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Abraham Joshua Heschel quotes Showing 31-60 of 147

“To gain control of the world of space is certainly one of our tasks. The danger begins when in gaining power in the realm of space we forfeit all aspirations in the realm of time. There is a realm of time where the goal is not to have but to be, not to own but to give, not to control but to share, not to subdue but to be in accord. Life goes wrong when the control of space, the acquisition of things of space, becomes our sole concern.”
Abraham Joshua Heschel, The Sabbath
“A prophet's true greatness is his ability to hold God and man in a single thought.”
Abraham Joshua Heschel, The Prophets
“To be or not to be is not the question, the vital question is how to be and how not to be…”
Abraham Joshua Heschel
“This is one of the goals of the Jewish way of living: to experience commonplace deeds as spiritual adventures, to feel the hidden love and wisdom in all things.”
Abraham Joshua Heschel, God in Search of Man: A Philosophy of Judaism
“To pray is to dream in league with God, to envision His holy visions.”
Abraham Heschel
“The true meaning of existence is disclosed in moments of living in the presence of God”
Abraham Joshua Heschel, God in Search of Man: A Philosophy of Judaism
“Racism is man's gravest threat to man - the maximum of hatred for a minimum of reason.”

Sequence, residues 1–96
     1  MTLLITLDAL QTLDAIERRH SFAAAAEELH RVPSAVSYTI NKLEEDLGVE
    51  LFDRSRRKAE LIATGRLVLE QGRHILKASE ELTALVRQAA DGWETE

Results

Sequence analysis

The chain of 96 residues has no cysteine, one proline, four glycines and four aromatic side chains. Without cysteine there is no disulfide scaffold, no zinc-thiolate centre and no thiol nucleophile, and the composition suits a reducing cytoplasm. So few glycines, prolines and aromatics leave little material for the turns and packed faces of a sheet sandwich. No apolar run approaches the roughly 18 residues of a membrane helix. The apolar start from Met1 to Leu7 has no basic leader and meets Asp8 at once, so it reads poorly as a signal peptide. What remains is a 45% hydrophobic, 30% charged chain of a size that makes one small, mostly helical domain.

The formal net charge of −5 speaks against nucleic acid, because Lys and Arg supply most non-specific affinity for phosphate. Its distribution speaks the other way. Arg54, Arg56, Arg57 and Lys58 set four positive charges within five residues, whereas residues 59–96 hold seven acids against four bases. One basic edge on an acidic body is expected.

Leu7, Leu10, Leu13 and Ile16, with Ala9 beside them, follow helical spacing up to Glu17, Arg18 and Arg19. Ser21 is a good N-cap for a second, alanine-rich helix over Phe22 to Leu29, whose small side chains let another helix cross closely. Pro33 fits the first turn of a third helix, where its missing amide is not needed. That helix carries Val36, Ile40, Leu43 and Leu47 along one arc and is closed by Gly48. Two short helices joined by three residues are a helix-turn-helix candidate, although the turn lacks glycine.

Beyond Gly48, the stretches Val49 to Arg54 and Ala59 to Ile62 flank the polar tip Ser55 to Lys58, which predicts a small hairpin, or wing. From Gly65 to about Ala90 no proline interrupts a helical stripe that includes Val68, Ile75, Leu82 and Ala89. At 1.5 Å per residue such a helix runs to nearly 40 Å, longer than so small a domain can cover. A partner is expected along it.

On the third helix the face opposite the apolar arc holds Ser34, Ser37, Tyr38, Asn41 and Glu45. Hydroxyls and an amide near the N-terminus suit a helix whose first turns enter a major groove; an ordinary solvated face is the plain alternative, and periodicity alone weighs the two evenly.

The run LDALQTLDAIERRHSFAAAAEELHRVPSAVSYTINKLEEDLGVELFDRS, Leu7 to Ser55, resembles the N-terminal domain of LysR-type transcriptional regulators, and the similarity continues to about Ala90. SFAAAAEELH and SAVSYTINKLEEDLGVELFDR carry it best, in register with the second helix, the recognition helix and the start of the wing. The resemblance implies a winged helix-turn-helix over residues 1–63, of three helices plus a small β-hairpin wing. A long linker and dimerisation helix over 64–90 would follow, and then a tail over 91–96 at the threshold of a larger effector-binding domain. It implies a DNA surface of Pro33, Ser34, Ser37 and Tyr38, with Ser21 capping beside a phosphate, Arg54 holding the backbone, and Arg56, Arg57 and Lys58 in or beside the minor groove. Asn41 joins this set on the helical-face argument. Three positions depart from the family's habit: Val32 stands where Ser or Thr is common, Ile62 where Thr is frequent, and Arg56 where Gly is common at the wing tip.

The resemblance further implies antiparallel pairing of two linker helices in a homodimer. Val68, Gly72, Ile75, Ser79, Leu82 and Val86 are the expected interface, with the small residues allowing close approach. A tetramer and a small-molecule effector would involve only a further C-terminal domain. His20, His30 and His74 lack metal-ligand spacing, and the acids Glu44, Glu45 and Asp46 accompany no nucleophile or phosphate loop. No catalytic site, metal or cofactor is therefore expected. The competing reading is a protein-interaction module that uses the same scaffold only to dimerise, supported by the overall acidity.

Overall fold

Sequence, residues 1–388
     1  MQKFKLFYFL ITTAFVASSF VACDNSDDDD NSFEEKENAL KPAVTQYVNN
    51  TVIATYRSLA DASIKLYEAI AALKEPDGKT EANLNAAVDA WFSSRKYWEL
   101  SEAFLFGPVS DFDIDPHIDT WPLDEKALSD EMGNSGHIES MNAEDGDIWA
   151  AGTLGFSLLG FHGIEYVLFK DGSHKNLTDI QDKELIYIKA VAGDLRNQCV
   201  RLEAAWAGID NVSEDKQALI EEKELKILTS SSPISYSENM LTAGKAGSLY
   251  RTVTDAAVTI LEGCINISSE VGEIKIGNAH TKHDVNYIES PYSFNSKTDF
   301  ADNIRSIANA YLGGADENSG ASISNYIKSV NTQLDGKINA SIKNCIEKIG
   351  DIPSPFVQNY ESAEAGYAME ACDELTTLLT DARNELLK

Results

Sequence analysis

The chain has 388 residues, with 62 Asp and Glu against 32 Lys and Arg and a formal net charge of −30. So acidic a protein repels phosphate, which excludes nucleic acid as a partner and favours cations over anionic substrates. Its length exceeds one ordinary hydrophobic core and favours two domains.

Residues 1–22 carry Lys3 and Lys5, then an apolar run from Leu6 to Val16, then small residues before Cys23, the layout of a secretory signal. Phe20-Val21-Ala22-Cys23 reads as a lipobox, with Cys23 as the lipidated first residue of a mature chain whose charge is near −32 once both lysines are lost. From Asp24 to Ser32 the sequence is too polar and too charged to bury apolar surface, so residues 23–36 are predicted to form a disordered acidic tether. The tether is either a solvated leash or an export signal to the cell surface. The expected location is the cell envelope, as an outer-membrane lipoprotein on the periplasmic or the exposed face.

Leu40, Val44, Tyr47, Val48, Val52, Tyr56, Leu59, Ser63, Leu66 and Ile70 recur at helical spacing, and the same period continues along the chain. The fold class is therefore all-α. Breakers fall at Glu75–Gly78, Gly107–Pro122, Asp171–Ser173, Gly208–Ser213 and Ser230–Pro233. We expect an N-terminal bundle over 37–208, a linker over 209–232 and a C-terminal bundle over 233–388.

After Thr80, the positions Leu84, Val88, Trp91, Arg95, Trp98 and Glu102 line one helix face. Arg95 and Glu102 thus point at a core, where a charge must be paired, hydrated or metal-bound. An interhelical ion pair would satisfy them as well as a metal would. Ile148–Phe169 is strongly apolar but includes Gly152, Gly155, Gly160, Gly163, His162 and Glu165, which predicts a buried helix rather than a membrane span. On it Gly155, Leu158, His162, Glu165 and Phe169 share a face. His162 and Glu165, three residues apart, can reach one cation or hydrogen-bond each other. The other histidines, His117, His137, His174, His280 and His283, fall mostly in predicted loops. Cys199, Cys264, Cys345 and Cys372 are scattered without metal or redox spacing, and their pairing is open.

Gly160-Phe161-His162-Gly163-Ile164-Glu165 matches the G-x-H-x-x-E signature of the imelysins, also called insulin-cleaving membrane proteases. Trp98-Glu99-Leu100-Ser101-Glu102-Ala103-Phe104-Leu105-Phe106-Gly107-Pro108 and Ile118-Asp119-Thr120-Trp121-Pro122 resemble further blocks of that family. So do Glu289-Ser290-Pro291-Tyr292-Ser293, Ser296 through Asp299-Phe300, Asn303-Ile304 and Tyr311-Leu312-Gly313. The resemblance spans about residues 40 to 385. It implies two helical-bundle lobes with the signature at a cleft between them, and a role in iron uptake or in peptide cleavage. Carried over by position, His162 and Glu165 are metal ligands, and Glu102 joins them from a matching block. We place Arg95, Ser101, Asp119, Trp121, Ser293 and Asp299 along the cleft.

Abraham Joshua Heschel
“In our own lives the voice of God speaks slowly, a syllable at a time. Reaching the peak of years, dispelling some of our intimate illusions and learning how to spell the meaning of life-experiences backwards, some of us discover how the scattered syllables form a single phrase.”
Abraham Joshua Heschel
“Indeed, the sort of crimes and even the amount of delinquency that fill the prophets of Israel with dismay do not go beyond that which we regard as normal, as typical ingredients of social dynamics. To us a single act of injustice--cheating in business, exploitation of the poor--is slight; to the prophets, a disaster. To us injustice is injurious to the welfare of the people; to the prophets it is a deathblow to existence: to us, an episode; to them, a catastrophe, a threat to the world.”
Abraham Joshua Heschel, The Prophets
“Only those will apprehend religion who can probe its depth, who can combine intuition and love with the rigor of method”
Abraham Joshua Heschel
“The meaning of awe is to realize that life takes place under wide horizons, horizons that range beyond the span of an individual life or even the life of a nation, a generation, or an era. Awe enables us to perceive in the world intimations of the divine, to sense in small things the beginning of infinite significance, to sense the ultimate in the common and the simple; to feel in the rush of the passing the stillness of the eternal.”
Abraham Joshua Heschel, God in Search of Man: A Philosophy of Judaism
“Man is not a beast of burden, and the Sabbath is not for the purpose of enhancing the efficiency of his work.”
Abraham Joshua Heschel, The Sabbath: Its Meaning for Modern Man